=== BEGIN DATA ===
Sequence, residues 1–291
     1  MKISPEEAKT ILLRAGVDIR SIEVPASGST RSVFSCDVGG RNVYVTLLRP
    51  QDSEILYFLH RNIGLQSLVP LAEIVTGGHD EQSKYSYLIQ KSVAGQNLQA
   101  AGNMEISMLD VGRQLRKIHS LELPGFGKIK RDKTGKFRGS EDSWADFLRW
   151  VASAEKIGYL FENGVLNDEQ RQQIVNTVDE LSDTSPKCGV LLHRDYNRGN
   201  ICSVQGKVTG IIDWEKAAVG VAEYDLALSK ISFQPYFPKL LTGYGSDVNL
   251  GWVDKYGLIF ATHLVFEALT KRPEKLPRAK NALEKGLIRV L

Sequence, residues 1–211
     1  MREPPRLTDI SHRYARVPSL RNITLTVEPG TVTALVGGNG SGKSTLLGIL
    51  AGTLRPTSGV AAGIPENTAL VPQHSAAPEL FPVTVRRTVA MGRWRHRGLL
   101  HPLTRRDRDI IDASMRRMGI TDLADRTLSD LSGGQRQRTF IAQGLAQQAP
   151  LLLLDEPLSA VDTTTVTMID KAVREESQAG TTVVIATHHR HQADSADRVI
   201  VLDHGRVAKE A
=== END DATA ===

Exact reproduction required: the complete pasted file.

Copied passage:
Sequence, residues 1–291
     1  MKISPEEAKT ILLRAGVDIR SIEVPASGST RSVFSCDVGG RNVYVTLLRP
    51  QDSEILYFLH RNIGLQSLVP LAEIVTGGHD EQSKYSYLIQ KSVAGQNLQA
   101  AGNMEISMLD VGRQLRKIHS LELPGFGKIK RDKTGKFRGS EDSWADFLRW
   151  VASAEKIGYL FENGVLNDEQ RQQIVNTVDE LSDTSPKCGV LLHRDYNRGN
   201  ICSVQGKVTG IIDWEKAAVG VAEYDLALSK ISFQPYFPKL LTGYGSDVNL
   251  GWVDKYGLIF ATHLVFEALT KRPEKLPRAK NALEKGLIRV L

Sequence, residues 1–211
     1  MREPPRLTDI SHRYARVPSL RNITLTVEPG TVTALVGGNG SGKSTLLGIL
    51  AGTLRPTSGV AAGIPENTAL VPQHSAAPEL FPVTVRRTVA MGRWRHRGLL
   101  HPLTRRDRDI IDASMRRMGI TDLADRTLSD LSGGQRQRTF IAQGLAQQAP
   151  LLLLDEPLSA VDTTTVTMID KAVREESQAG TTVVIATHHR HQADSADRVI
   201  VLDHGRVAKE A